Smartphones encourage working parents to do unpaid overtime during family holidays
2 min read
07 April 2015
The Easter half term is underway, but as thousands of British families take time off to spend with their children, a third of working parents admit the holiday is likely to be interrupted by their jobs.
The findings follow another report that revealed the impact of the Easter weekend, as businesses in seaside towns were set to prosper from people taking road trips during the four day break to increase sales in hotels, restaurants and pubs.
Seemingly not everyone will have enjoyed the break to the fullest, according to call answering service alldayPA, which found 12 per cent of working parents predict they’ll undertake at least four hours of unpaid work during family holidays.
Indeed, 32 per cent said they would take work calls during time off, and 36 planned to check and reply to emails. As a result 23 per cent admitted their children and partners regularly complained about the bad habit.
Smartphones are the main reason for the trend, as a majority 86 per cent of work is completed on the devices.
“Smartphones are an incredibly useful tool, but they blur the boundaries of work and home. Recent studies indicate that as a nation we’re becoming more and more addicted to our smartphones and perhaps need to make a conscious effort to put them to one side, especially during holidays with our families,” said Sue Ratcliffe, spokesperson for alldayPA.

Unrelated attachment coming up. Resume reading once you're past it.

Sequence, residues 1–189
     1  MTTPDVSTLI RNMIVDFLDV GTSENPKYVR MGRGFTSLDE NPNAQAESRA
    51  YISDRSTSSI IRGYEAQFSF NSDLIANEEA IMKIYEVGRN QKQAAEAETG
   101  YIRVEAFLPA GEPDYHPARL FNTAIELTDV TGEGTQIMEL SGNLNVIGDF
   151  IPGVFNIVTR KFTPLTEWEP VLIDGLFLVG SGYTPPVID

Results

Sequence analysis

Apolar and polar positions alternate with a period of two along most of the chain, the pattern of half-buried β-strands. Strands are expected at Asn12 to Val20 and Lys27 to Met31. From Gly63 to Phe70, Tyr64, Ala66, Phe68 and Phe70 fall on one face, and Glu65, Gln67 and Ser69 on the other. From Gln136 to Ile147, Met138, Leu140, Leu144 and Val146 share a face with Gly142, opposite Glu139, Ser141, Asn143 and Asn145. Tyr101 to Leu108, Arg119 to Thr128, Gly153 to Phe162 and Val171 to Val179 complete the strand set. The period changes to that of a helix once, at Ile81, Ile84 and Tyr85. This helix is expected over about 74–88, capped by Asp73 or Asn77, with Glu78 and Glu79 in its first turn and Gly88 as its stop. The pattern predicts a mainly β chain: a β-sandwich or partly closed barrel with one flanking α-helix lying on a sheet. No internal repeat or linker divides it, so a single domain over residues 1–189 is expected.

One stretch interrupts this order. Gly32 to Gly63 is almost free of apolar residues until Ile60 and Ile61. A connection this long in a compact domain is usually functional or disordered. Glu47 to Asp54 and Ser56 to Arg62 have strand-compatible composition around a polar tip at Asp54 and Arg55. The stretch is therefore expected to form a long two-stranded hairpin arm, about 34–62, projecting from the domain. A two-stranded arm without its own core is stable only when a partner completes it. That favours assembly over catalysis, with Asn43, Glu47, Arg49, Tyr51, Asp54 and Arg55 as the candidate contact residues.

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The devices have been branded “psychologically addictive” by the University of Derby, as the average user spends 3.6 hours on their phone daily. In fact, 36 per cent said excessive use caused distractions from jobs and hobbies as they used the gadgets in times when they shouldn’t.
Ratcliffe added: “A Digital Detox does exactly what the name implies. It will break the cycle of dependency, allowing even the busiest person to leave the mobile behind and focus on their holiday enjoying a restful, communication-free break without worrying about missing calls or messages.”
Elsewhere, Durham University worked with Durex for a study on couples and their sexual behaviour, finding that a third will stop sexual encounters mid flow to answer the phone.
Image via Shutterstock.